USMLE Tip

You might hear your professors saying that USMLE Step 1 is one of the most challenging exams you’ll ever take. Your performance on this exam will set the stage for you to match in your desired residency program. Here is one suggestion. After you finish the 1st round of Kaplan, take the NBME exam to evaluate the strengths and weaknesses. M. Shah

USMLE Tip

More likely you will be asked to apply a concept to an unfamiliar scenario, something that’s very difficult to do purely from recall. While memorized facts may help to some degree, you will do much better if you to understand WHY a memorized fact is important rather than just the fact itself. M. Shah

USMLE Tip

The boards usually use tricky language to make the exam more challenging. Many students concentrate on high yield facts and underappreciate how important language skills are. One way to avoid language errors is to read questions carefully. Another way is to develop good reading and vocabulary skills, skills you can’t gain by drilling flash cards or watching videos. Many students ignore textbooks now that video learning is broadly available, but there are good reasons not to ignore textbooks altogether. M. Shah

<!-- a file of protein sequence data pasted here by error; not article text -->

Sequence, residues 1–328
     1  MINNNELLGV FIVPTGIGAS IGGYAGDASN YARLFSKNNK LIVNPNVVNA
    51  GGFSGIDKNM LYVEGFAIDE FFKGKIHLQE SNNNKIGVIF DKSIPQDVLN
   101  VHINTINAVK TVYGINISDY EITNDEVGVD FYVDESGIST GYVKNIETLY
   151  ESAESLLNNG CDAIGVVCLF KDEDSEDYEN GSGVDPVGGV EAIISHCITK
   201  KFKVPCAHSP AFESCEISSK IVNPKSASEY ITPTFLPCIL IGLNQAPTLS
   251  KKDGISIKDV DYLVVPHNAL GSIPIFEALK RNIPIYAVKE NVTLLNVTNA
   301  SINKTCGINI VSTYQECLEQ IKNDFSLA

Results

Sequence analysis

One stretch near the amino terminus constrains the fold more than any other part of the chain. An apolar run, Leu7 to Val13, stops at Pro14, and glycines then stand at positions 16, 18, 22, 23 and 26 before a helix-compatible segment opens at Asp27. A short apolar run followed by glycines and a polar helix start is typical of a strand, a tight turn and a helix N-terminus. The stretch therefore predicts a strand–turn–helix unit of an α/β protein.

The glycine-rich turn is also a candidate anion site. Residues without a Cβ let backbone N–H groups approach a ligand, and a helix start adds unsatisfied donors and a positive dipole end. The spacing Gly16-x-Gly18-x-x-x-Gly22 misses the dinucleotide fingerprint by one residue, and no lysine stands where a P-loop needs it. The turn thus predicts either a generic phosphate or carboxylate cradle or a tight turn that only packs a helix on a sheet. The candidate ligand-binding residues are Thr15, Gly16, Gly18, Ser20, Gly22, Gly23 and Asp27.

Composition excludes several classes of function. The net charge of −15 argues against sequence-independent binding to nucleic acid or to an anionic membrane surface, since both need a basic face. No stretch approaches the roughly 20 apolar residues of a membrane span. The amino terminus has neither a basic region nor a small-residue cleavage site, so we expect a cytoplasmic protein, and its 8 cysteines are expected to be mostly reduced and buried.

USMLE Tip

Step 1 is not your only chance. Many weak test takers have become prominent, highly-successful physicians. And students with low scores can still get into competitive residencies through research or other avenues. Also, after Step 1 comes Step 2CK, CS and Step 3 and then internship, residency, and fellowship. The opportunities to compete in medicine never stops. M. Shah

USMLE Tip

Knowledge + quick recall = Great score. M. Shah

USMLE Tip

Create a week-by-week study plan. Organize weeks by subject, and only concentrate on weak subjects. Watch videos, take notes and Use Qbank on covered content. Meet with a study partner. Having a study partner with whom you meet once or twice a week can help keep you both on track, and it gives you a way to discuss what you’ve learned. Remember, teaching is the best way to learn. M. Shah